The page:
A seventh century Tibetan painting presents the idea of infinite mercy as Avalokitesvara-KuanYin with a thousand arms with which to scatter blessings. Usually, two arms are sufficient, Kuan Yin's beneficence being suggested by the various objects she holds in her hands: in one, a vase of amrita, the dew of immortality; in the other, a spray of willow branches with which to sprinkle her inexhaustible compassion upon her devotees. Sometimes she carries a scroll or book, symbol of truth; or the wish-fulfilling jewel, emblem of the attaining of holy aspirations. When a child plays on her lap, or children at her feet, they symbolize not only newborn and/or spiritual life, but also Mother Nature whose mysterious powers continually produce, sustain, destroy, and renew life throughout the universe. Her hands placed in her lap suggest meditation; when held palm to palm, not quite touching, reverence for all beings; when fingers point downward, the flowing forth of blessings is indicated; and when the right hand rests on the left, palms upward, this signifies control over evil spirits. But regardless of ornamentation, symbolism, or pose, the very presence of her likeness touches the heart. It is for this reason, perhaps, that the Japanese and Koreans place huge statues of Kuan Yin in prominent places so that those going to and from work are reminded of the spiritual worth of unselfish deeds. 5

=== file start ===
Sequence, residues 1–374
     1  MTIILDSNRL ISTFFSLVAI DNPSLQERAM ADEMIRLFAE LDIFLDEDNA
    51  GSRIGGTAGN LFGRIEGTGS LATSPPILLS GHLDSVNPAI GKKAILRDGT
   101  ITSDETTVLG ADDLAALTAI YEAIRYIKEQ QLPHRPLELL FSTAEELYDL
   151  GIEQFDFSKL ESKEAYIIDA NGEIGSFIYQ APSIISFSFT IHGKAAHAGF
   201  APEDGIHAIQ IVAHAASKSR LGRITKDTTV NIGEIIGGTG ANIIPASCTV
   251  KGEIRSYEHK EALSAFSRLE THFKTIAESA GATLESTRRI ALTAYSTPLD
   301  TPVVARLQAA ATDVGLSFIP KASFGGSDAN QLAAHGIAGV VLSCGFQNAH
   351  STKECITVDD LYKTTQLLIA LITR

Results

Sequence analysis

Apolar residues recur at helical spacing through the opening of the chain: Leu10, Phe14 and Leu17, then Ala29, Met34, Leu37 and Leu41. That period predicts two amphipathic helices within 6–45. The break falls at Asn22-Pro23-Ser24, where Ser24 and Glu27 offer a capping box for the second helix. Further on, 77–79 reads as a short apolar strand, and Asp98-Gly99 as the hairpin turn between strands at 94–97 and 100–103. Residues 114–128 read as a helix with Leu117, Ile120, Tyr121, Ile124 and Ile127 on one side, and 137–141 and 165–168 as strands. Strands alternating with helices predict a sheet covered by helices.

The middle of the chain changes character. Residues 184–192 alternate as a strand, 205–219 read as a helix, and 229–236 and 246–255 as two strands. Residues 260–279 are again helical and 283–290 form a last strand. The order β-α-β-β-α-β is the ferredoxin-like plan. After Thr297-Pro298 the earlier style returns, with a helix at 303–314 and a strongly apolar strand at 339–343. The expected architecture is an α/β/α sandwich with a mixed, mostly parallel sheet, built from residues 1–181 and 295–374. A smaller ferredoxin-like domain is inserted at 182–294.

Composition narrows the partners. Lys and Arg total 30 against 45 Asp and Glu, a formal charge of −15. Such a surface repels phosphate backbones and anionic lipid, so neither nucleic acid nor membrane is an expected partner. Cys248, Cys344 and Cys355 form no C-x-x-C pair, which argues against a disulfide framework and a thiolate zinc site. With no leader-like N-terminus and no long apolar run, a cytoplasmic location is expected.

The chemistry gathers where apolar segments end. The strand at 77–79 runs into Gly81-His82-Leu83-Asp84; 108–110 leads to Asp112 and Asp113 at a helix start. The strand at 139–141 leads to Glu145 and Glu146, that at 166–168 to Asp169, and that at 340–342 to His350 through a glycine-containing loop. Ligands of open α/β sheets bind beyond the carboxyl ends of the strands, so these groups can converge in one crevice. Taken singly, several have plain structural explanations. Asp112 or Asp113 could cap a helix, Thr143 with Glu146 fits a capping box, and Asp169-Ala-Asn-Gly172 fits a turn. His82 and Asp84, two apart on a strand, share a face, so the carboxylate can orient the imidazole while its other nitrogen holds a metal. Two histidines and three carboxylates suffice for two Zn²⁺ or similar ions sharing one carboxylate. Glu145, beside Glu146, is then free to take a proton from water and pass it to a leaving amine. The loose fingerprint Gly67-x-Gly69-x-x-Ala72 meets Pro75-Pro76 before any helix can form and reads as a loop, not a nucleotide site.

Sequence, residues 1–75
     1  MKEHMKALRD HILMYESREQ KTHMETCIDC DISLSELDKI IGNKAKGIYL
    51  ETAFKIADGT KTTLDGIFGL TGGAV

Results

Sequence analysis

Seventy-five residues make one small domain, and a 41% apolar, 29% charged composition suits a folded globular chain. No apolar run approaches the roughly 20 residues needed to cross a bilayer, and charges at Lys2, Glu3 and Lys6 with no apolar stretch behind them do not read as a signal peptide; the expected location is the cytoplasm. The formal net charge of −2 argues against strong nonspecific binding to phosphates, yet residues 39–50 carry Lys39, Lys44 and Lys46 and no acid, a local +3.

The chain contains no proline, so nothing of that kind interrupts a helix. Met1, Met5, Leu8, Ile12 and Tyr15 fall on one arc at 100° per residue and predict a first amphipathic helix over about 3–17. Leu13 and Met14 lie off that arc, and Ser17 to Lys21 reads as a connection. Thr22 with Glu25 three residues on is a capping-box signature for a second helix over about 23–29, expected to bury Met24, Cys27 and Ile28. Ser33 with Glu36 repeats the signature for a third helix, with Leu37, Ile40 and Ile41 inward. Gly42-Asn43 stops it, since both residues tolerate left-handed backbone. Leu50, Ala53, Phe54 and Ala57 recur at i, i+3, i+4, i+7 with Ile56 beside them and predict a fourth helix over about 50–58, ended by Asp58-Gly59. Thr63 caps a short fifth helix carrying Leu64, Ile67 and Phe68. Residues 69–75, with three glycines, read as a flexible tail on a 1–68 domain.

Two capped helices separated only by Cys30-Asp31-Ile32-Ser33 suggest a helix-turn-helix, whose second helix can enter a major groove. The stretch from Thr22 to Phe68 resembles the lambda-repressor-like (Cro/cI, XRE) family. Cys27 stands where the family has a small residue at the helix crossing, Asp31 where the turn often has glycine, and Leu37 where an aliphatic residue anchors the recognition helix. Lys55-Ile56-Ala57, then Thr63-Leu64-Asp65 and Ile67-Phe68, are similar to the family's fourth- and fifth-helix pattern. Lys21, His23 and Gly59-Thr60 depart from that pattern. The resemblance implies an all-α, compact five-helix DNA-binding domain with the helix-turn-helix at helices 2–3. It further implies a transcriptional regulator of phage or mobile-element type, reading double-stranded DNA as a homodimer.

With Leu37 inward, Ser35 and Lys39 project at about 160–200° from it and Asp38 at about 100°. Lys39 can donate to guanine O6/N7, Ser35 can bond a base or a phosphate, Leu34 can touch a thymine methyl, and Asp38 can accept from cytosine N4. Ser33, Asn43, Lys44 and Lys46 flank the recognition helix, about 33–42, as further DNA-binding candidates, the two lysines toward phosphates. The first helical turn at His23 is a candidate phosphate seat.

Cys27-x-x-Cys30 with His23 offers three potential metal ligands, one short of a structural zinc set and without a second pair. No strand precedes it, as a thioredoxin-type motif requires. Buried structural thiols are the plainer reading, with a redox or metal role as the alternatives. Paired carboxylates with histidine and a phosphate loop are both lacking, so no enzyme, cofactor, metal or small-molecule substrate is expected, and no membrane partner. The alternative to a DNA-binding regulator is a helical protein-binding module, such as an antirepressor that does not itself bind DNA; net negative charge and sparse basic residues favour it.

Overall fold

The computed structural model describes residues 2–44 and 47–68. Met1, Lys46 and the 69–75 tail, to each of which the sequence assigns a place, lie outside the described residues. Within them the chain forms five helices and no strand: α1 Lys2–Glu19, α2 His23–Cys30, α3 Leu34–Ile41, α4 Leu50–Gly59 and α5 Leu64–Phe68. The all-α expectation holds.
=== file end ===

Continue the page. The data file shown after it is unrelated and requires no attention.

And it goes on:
Kuan Yin is known as the protectress of women, sailors, merchants and children. Many believe you have but to call her name and she will instantly appear. A common saying about this compassionate Saviouress is, "She hears the prayers of the faithful."
Tara, whose name means one who saves, is another manifestation of the Avalokitesvara-Kuan Yin. Author John Blofeld explains how Tara was "born of a tear shed by Avalokita in pity for the sufferings of sentient beings". 6 Thurman describes Tara's extraordinary compassion for all beings saying, "her desire to save them from suffering, is said to be stronger than a mother's love for her children." 7
Tara is also called the White Goddess. She "exemplifies the blue-white fire of purity" says author and spiritual teacher Elizabeth Clare Prophet (Prophet*). She is often depicted in art as sitting on a white lotus and teaches us how to have a long life, good health and to obtain good fortune.